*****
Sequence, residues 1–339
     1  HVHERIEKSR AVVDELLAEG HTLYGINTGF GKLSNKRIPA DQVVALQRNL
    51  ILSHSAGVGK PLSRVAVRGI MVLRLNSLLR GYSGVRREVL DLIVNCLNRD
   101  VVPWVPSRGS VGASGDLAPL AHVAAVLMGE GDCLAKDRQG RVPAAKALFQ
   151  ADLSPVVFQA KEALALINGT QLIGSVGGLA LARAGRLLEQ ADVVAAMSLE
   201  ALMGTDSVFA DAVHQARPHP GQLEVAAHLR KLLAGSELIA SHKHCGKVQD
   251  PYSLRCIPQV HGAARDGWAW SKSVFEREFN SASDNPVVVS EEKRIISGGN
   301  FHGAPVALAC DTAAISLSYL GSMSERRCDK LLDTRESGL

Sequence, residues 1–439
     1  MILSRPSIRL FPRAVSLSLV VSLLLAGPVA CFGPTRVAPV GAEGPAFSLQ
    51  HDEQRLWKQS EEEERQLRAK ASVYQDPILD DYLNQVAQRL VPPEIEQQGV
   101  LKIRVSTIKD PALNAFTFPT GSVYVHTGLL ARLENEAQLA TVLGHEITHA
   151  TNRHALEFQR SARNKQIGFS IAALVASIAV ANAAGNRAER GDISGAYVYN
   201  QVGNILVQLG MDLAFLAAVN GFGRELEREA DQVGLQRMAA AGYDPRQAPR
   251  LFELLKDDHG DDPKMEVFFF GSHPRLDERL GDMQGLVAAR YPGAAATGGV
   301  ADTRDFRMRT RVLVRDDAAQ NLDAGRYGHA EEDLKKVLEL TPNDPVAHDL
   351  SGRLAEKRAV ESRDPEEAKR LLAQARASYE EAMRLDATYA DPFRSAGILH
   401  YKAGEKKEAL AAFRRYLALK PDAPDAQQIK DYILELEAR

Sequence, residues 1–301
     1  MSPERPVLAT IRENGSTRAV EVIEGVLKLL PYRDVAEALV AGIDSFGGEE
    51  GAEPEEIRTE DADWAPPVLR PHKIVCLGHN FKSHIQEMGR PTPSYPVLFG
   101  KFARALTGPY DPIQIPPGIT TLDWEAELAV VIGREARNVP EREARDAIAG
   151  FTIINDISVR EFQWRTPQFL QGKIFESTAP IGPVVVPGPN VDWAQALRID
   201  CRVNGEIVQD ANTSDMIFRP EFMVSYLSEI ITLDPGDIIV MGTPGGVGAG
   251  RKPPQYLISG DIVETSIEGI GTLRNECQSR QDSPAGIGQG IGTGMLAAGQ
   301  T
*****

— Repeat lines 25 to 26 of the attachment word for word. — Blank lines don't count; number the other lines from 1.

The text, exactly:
   251  RKPPQYLISG DIVETSIEGI GTLRNECQSR QDSPAGIGQG IGTGMLAAGQ
   301  T